This post deserves a song. Press play.
This week is all about space and the accumulating possibilities ahead for the human race. I'm not an expert in space aeronautics, nuclear energy, physics, or quantum mechanics but the topics always have interested me. I get pulled in anytime anyone mentions anything about - what is being called - the final frontier of humanity because I feel as though it embraces optimism in its truest form and embraces the potentials we have as a species. And that alone excites me.
Not to mention, this past week has been completely dedicating my free time to taking advantage of the clear skies, no moon, and calm weather. Because let's be honest, it's been rainy for the majority of this year! Which has been hard to attempt any sort of astrophotography for me (Fun Fact: One of my 2017 goals is getting into astrophotography)
So, let's recap this week.
On Saturday I went to Forecastle Festival in Louisville. After getting my fill there, I left a little early to head home just before sunset. On my drive home, I noticed that the sky was completely clear. So keeping in mind that astrophotography goal, and having an obnoxious opportunity right in front of my face, I had to stop over somewhere and get some photos.
Now, that photo above really isn't a GREAT Milky Way shot. There are a lot of things I did wrong because I didn't take the time to get my focus right or settings. But it's mainly because I was out in the middle of no where Kentucky, alone. Getting out of my car and setting up for this shot took a LOT of nerves on my part. Because being out in the middle of no where in the complete darkness was, uneasy. And I actually had encounters with deer 4 different times in the 30 minutes I dedicated to getting some shots that scared the living daylights out of me. And one actually hissed at me. "Deers hiss?!?!" Yes. Click here to hear what that sounds like haha.
So anyway, when I got home and edited this, being the perfectionist that I am, I was greatly disappointed in my shots. Which has been the outcome anytime I have taken photos of the stars. The one above being the best I got that night.
So, to bury the disappoint and tackle new shots with more patience and time, I did some research to see what the weather was going to be like this week and well, Tuesday and Wednesday forecasted clear weather BOTH nights! And I had no shoots scheduled!!
So, I asked my sister to come along with me this time so I wouldn't be alone and we trekked out after our babies were all asleep (and our husbands with them safely). I made a promise to myself to find the darkest spot I could without driving hours and hours away and make up for that Saturday night in Kentucky. And well, we did.
And of course, an hour and 50 bug bites later, I grabbed not only the shots above, but the ones below the later it got into the night. THESE are ones I'm very proud of. And the first shots I've personally taken that I can even consider being Astrophotography.
These pictures are the first time I've ever been able to get my focus right on the night sky. I've been able to capture stars for years, playing with settings and doing a whole lot of trial and error, but could never the focus which was greatly discouraging. But I finally figured it out and captured images that I want to share with the world! And makes me fall in love with photography ALL OVER AGAIN.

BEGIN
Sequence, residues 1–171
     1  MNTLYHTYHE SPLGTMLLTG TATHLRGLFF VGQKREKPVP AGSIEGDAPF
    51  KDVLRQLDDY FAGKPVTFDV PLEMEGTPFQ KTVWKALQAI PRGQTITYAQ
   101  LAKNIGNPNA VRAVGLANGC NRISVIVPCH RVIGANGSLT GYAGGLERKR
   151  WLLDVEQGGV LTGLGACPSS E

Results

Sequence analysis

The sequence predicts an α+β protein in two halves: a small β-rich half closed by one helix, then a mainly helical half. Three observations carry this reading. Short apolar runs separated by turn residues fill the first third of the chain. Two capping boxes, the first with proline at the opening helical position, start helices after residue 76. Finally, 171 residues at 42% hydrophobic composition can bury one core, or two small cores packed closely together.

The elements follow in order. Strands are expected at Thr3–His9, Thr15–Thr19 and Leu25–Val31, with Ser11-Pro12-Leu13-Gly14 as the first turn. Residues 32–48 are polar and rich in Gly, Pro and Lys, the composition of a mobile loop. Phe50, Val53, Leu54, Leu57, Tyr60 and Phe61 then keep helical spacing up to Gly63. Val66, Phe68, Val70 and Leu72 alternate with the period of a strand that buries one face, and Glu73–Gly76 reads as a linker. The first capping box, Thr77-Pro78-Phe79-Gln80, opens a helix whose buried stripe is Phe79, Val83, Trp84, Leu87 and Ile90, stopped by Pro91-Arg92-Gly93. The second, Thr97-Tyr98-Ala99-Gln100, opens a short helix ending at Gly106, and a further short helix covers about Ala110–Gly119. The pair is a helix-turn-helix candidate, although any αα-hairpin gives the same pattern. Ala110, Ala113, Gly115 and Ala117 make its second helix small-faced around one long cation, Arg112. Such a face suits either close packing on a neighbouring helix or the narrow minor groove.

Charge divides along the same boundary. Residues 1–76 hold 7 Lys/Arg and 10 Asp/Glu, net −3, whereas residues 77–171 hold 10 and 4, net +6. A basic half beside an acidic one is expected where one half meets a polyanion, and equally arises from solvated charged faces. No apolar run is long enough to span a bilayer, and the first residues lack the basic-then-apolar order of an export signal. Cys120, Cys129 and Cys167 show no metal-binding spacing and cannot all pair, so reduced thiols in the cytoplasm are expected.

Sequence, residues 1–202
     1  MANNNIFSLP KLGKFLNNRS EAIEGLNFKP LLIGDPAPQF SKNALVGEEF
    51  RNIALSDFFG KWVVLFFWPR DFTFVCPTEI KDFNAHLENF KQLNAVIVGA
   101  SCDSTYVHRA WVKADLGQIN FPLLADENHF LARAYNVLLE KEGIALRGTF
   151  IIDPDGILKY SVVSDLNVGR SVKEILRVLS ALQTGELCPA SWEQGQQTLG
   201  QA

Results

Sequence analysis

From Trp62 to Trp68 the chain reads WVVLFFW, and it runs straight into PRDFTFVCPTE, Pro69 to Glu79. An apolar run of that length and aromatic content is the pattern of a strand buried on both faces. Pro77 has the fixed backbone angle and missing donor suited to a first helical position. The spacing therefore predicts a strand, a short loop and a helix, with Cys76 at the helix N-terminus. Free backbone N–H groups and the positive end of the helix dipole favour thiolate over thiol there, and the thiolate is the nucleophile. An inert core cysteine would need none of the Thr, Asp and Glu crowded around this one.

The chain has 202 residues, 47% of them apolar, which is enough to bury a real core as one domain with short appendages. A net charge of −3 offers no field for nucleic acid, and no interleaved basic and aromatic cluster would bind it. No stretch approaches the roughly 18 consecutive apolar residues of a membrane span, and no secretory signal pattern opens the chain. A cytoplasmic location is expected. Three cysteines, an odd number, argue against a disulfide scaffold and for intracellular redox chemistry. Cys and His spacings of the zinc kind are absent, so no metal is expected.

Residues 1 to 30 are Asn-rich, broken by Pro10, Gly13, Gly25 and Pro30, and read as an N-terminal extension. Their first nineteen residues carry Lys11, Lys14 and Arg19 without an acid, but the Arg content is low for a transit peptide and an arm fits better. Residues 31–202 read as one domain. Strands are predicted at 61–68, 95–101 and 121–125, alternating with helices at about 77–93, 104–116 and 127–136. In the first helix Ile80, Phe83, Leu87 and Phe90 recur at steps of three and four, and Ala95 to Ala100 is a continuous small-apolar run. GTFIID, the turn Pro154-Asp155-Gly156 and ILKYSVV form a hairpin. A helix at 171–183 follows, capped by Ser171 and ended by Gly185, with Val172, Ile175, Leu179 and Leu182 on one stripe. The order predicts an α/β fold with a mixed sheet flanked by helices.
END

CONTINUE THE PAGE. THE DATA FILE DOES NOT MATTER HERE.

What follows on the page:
THIS. This is why I love doing what I do. Even though I've been doing photography for 10 years, it still challenges me and no matter how much I learn and grow, there will always be more to know.
Now, the photo I ended up using for this week's picture was actually taken last night. When my sister and I went out together, I didn't get a clear shot of just me by myself. I was so taken by just being in the moment, I forgot. But I love what I captured with my sister.
With this being a self portrait project though, I needed a shot of myself.
So I went back out Wednesday night since it was forecasted clear AGAIN.
I went solo again, which ended up being a little terrifying again. But I was a lot closer to home and in a place I'm very familiar with, Caeser's Creek State Park. I set up the shot near the beach area actually in the parking lot using my car to set up my tripod for some shots. And then placing the camera on the ground for the final shots.
Now, while I was setting up for the shots to be taken on the ground, I was laying down on the ground with my camera, headlamp on so I could see what I was doing. Once I was ready to get up and set up in the shot, I noticed FIVE raccoon gathered about 4 feet away from me in the darkness completely curious what I was doing. FIVE. When my light shined on them though, they scattered quickly into a drain pipe and out the other side into the woods nearby. It was then that I realized an whole bunch of animals were standing in the woods watching me because about 6 more pairs of eyes glowed in the trees. It felt like I was in this scene from PeeWee's Big Adventure (CLICK).
So, the shots above kind of make me laugh because the camera would start taking the photo and then I'd hear something scurry next to me and couldn't stay still for the shot LOL. Needless to say, I'm happy that I took the time to get these shots, but I probably will NOT be doing this again by myself.
Look at that Milky Way though <3<3 (sooooo worth ittttt)
I didn't edit in the Milky Way into any of these shots. I used what was naturally there. In this week's video, I do a pretty good breakdown for what equipment, settings, and steps I did for planning these shots out more effectively. Be sure to give that a watch below! (and watch to the end for a little outtake haha)